Monday, August 11, 2008
Vegas Video ... with built in audio!
I didn't find anything new or cool to write about today, so instead I'll talk about my favorite video editor- Vegas Video
Somtimes it's hard to convince people that an inexpensive program that will run well on an entry level PC without any additional hardware can be truly professional. One TV station in Texas was able to see what I see in this great program. See Livin' La Vida Vegas That is well worth reading. After you have looked at that you can come back and read what I like about it below.
There is an incredible beauty in the simplicity of this program. Most DAWs and NLEs require alot of setup before you can actually start to work, like creating a project folder, project settings and how many tracks it will need to be. In Vegas you just drag the media into the window and if it's a video file it creates a video track, and if its an audio file it creates an audio track, if it is a video file with audio it creates both.
After you have cut, color corrected, titled, whatever else needed to be done you render it to what ever format you need. Rather than using a batch processor like some other programs, the folks at Sony Creative designed Vegas to allow you to open another instance of the program while the first instance is rendering. You can even open the very same project that is rendering and make changes if you need an alternate version, or to render the audio separately if needed.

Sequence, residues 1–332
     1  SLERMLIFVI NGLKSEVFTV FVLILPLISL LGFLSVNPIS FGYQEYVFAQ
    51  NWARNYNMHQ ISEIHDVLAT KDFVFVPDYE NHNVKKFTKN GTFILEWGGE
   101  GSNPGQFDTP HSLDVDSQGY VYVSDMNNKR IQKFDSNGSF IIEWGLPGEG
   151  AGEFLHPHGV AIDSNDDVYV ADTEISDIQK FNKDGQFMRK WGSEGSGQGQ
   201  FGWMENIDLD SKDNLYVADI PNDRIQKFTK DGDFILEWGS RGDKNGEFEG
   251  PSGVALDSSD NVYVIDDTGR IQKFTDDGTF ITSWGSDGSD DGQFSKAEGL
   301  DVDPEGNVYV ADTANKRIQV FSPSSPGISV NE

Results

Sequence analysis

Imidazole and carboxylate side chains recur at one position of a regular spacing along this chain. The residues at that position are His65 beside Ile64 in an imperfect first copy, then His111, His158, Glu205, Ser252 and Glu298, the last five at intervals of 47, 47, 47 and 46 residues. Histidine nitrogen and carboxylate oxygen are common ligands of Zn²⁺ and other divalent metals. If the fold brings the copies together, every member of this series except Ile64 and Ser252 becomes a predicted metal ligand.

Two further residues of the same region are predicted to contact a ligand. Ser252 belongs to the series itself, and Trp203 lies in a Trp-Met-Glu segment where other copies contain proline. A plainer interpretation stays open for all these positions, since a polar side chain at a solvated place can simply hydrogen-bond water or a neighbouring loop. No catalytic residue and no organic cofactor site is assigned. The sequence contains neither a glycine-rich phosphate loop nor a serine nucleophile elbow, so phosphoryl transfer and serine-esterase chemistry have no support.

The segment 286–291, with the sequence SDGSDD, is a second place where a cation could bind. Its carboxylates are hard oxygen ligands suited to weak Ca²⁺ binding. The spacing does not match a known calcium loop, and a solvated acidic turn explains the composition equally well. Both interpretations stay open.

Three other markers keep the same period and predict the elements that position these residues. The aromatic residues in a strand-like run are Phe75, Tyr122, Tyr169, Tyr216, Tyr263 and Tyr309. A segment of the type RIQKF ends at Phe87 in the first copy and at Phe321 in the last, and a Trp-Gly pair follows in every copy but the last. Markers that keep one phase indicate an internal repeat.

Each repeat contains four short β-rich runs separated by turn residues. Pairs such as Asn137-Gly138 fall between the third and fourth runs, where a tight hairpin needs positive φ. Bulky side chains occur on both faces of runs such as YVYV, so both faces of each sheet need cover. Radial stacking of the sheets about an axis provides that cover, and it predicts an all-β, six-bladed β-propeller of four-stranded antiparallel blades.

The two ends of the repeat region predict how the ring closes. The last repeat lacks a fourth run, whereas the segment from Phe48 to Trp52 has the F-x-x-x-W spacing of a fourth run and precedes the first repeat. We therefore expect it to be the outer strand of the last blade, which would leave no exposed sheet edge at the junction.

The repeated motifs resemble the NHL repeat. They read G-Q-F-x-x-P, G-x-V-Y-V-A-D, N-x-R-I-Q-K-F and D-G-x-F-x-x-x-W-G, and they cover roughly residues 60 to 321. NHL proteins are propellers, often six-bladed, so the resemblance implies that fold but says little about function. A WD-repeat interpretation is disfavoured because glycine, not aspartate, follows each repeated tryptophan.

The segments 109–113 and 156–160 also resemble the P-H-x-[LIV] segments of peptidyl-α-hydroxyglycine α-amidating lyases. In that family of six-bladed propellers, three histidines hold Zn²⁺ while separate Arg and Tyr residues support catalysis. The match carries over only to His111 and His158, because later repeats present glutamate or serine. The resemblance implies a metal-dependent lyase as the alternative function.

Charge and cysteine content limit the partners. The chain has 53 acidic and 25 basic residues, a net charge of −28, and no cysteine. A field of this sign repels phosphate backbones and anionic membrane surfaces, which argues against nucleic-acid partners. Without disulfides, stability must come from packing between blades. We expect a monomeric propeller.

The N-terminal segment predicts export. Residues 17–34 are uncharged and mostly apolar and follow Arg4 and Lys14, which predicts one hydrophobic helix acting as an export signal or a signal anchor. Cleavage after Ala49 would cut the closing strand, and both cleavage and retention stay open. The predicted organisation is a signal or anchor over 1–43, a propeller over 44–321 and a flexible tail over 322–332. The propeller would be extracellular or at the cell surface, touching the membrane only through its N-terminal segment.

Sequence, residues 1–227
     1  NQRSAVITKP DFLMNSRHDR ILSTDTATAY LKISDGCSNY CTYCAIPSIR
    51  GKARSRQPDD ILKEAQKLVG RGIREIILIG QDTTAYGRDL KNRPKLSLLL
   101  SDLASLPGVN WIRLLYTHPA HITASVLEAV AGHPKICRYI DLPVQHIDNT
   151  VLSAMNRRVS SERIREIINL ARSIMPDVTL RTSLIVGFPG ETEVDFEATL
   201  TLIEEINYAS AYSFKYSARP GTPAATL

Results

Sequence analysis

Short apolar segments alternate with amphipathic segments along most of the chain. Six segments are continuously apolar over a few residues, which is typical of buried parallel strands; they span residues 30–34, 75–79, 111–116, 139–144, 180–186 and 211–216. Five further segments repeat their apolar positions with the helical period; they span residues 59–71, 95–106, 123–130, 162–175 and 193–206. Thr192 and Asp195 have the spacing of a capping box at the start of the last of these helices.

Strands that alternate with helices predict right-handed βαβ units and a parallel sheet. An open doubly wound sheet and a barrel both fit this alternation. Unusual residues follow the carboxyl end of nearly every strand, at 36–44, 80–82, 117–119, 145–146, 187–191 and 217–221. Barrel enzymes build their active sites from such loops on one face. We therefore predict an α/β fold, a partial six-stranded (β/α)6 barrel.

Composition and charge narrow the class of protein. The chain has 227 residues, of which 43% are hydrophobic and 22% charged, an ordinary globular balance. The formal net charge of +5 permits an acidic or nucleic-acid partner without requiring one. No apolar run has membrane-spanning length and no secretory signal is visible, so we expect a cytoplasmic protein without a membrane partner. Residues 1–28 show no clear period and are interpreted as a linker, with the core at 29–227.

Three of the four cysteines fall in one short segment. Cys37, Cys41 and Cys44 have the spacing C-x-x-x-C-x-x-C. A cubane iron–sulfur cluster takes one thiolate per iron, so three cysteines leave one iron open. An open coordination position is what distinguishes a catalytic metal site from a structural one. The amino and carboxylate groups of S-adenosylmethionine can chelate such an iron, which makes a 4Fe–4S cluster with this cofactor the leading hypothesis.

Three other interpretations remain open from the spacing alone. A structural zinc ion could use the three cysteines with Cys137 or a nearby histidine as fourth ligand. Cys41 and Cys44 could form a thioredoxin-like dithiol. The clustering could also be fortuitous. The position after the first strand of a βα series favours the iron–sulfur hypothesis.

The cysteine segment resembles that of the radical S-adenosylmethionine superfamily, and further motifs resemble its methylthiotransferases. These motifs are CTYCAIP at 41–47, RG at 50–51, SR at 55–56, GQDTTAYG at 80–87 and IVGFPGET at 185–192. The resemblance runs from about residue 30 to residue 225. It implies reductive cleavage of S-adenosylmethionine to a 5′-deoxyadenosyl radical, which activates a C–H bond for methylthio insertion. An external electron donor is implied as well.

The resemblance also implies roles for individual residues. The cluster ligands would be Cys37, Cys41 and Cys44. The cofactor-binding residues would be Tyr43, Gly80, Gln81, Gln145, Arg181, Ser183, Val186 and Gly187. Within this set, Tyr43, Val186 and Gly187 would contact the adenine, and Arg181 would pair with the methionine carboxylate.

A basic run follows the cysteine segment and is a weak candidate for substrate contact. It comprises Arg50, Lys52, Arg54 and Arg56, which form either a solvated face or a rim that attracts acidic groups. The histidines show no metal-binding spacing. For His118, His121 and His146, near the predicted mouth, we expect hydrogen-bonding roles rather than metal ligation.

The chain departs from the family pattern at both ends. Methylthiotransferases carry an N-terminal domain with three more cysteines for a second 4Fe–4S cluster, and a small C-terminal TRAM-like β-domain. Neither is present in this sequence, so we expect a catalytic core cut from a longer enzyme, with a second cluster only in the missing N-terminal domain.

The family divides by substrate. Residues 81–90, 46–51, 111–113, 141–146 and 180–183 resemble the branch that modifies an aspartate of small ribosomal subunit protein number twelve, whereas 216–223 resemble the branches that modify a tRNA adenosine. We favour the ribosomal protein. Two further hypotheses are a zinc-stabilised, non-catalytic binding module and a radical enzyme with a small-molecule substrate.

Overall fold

Speaking of audio... Vegas' audio is what I think sets the program apart. The audio portion of Vegas is almost as powerful as some of the best DAWs. It offers unlimited tracks, you can mix many different file formats in the same timeline, the built in plugins are world class, but you also have the option of using your favorite VST plugins as well- all in real time. One of my favorite things about the audio portion is that it allows you to use an external editor if you prefer. I find myself quite often needing to use a spectral editor to clean up a dialog track. Well Wavelab from Steinberg happens to to have a very nice spectral editor provided by Algorithmix. It's not the full version, but it is of the same quality. To use this in Vegas all you need to do is right click on the clip you want to edit and select "open a copy in external editor" Vegas then creates an audio file from that clip, and open its in Wavelab. You edit out the cell phone or car horn or siren or whatever you need to remove and save and close the file and when you go back to vegas your clip will show the edited version. Because you chose to use a copy, your original copy will remain untouched. I could go on for pages, but I just wanted to highlite the few things that make it special.
What's really cool is the potential for enhancing your workflow. Imagine never needing to export or import OMF, or create proxy files. You can just have the video guys work on the video, then have the audio guys open the same project and work on the audio. If you're a hands-on type you can use the Euphonix MC. It may seem silly to use a $50,000 control surface on a $600 program, but imagine how efficient you will be!
I really wish Avid would combine Nitris with ProTools. I know they are designed to work well together, but I mean to actually have ProTools be the audio engine in Nitris. Hollywood would be revolutionized! I don't see why this wouldn't be possible because both use hardware acceleration. The host CPU would be free to do whatever can't be done on the hardware, and with 8 core computers there is plenty CPU power to go around.